“Giugno, la falce in pugno” (“June, the scythe in the fist”), says an old Italian proverb, re-echoing the days of scything hay manually. Times have changed: at Peppe and Gentile’s farm two weeks ago, fifteen hundred bales of hay in the hayshed – with fifteen hundred to go, Peppe told me. He’s haying all alone – his tractor, his only companion. With this heat, he’s out in the fields before daylight. Amazingly, he’s back on the tractor after a short post-lunch pennichella (“nap”). It’s now July so the hay is in: time for the wheat, oats, barley.
When we farmed in the late 70’s, haying was a group venture, all of us rotating from farm to farm throughout June, til everyone’s hay was in. There was some mechanization but in our hilly area, the smaller hand scythe, la falce, and the ominous looking grim-reaper type scythe, la falce fienaia (literally, “hay scythe”) were used to cut that hay along ditches, on hillsides, and around trees which escaped the motorized falciatrice.
Why not just let those insignificant hay patches go? Most of our farm neighbors were mezzadri (‘share-croppers”) able to live – barely – on what they grew on their landowner’s small farm. Little to no cash income in their kitchen drawers.
Rabbits, oxen, sheep would all need hay in the winter: every hay strand counted.
Each wisp was scythed.
Certainly, I still remember that irritating, sweaty itch of hay on the skin as we scythed but I remember, too, the pungent erbaceous perfume of freshly-cut hay, spread out over the fields to dry out before it was forked onto farm carts – or onto la treggia (see photo) – for transport to the farmyard. An inimitable – and gone – touch of bucholic bliss.
Scything started before dawn and under the shade of the leafiest oak tree, cafe’ and la roccia (a simple coffee cake) energized the workers for the labor ahead.
At about 8 30, la colazione: often, tasty fave beans simmered with tomato, garlic – and perhaps some barbozza (pork cheek), if mouths to feed were not too many – along with bread and red wine, recharged all. Two hours later, the hosting contadina served il pranzetto (“little lunch”). Peppa’s mother often used to make la torta di formaggio for this meal, “ma leggera”, Peppa reminded me. As we recently reminisced about past haying days, she told me, “in those days, we never had much cheese in the house to use….”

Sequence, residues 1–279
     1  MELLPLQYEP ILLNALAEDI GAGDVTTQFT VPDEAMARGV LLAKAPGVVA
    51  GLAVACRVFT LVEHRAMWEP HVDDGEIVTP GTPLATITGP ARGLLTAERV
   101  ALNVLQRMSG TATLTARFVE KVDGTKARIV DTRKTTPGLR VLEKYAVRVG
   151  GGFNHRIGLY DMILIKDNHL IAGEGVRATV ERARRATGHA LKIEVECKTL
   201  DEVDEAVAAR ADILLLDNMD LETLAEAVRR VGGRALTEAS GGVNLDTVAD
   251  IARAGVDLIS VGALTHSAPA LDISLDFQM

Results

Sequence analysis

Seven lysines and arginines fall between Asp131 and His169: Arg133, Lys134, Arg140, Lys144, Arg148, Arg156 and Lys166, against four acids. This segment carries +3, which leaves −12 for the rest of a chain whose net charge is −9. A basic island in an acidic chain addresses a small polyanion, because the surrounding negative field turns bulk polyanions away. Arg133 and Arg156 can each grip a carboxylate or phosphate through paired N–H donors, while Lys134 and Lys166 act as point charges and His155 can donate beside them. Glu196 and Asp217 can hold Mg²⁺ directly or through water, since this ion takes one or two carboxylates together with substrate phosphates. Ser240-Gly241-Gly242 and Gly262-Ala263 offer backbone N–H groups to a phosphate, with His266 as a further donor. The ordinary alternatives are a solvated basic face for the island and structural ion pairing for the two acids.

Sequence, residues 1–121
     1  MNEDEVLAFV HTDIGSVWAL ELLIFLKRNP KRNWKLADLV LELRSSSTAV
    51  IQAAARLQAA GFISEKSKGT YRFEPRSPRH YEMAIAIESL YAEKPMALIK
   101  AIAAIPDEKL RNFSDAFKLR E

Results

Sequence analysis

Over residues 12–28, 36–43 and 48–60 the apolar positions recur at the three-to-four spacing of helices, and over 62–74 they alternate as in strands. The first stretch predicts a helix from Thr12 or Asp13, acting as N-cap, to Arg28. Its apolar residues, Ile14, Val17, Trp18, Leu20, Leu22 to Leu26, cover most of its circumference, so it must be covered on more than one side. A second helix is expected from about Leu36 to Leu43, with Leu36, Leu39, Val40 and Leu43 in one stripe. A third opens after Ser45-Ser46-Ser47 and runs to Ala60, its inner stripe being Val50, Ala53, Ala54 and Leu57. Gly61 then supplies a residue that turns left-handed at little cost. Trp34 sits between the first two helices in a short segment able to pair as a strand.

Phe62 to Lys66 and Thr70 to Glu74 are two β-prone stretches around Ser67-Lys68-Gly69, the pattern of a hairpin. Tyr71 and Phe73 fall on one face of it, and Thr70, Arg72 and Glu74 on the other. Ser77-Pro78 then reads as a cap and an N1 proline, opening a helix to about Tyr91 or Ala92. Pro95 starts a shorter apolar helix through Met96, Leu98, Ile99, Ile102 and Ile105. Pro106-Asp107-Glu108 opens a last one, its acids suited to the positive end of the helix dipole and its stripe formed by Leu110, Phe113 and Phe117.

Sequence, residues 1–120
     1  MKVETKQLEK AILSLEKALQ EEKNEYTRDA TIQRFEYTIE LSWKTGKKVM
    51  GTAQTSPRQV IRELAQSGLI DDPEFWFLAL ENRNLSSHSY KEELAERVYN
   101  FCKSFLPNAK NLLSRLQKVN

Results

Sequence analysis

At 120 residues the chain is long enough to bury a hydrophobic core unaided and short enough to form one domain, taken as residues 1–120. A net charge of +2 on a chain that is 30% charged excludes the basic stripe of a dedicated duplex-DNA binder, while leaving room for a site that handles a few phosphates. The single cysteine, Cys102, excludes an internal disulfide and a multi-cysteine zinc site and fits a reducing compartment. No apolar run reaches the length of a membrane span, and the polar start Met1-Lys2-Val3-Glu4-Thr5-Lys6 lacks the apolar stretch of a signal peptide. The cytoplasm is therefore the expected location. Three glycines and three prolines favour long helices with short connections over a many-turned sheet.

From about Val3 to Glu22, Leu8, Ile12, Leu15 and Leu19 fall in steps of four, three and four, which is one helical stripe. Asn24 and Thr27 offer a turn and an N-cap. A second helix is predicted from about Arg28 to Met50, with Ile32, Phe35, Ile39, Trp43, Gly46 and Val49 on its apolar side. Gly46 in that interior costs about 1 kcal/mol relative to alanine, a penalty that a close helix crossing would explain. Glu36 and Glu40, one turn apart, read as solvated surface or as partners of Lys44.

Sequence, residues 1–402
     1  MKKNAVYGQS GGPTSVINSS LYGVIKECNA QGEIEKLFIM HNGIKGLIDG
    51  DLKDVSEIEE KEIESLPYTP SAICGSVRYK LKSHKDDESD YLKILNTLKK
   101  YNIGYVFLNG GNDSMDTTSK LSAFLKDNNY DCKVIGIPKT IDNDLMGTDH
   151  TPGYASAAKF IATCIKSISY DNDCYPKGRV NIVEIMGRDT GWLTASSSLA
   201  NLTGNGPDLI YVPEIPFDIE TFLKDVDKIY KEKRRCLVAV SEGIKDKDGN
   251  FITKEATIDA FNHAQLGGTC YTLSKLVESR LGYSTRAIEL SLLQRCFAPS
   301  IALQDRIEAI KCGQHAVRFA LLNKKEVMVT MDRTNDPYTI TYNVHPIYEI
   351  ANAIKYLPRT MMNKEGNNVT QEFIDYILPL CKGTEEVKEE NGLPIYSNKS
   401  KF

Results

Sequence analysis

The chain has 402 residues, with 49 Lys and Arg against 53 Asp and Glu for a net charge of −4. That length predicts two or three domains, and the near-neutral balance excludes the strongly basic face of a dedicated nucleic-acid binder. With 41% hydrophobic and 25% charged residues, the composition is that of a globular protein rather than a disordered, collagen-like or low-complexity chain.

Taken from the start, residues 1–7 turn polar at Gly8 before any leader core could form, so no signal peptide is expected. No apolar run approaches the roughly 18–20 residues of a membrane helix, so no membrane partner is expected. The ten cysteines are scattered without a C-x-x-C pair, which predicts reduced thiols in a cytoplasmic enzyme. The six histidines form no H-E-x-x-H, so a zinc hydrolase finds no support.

At 12 30, there was a pause for pranzo, usually just one dish to fill hungry stomachs: abundant pasta with a meat sauce of perhaps duck, maybe goose, or even chicken. Bread baked in the outdoor wood oven satisfied those still hungry. There might be salad. Maybe. Wine was never missing.
Scything continued til la merenda (“snack”) at 5 30: coniglio alla cacciatora or fried codfish with green bean/cold potato salad from the farm garden might be served. Affettate (“the sliced”) was often passed around: salami, capocollo, prosciutto (any or all three).
It always seemed to me that the farmwomen carried the load at scything time (as always!): out in the fields with the men, swinging those falce fienaie with force – and then helping the hosting contadina serve the meals, clean up….while the men napped under a tree.
Mechanization has facilitated life for all those working the land, – no doubt about it – yet our farm neighbors still talk with nostalgia about those times of la miseria when they had nothing – but they had much: above all, that sense of community. The working together on each other’s farms, those meals shared under the oak trees, the singing in rounds as the scythes flew.
Peppe is a coltivatore diretto (owner of his farm) and nearly eighty. He does his haying alone now – and the threshing of wheat, oats and barley, too.
As Gentile and I chatted, Peppe’s tractor rumbled into the farmyard, a load of hay bales piled high on the trailer behind the tractor.
Sunburnt, sweaty, dusty but satisfied with the day’s labors, he climbed down and invited me into the kitchen for pane, prosciutto e vino rosso.
The savory meals of those bygone falciatura days – eaten together under oak tree shade – are no more.
But the incomparable flavors of Peppe and Gentile’s prosciutto, pane e vino rosso – shared together in their farm kitchen – link me to the good years of our life on the land.
Peppe carries on – one of the last.
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Click here for many more insights on our rural friends
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Click here to read about – and see – why rural visits offer “unforgettable moments”
Click here to read about “memorable rural moments”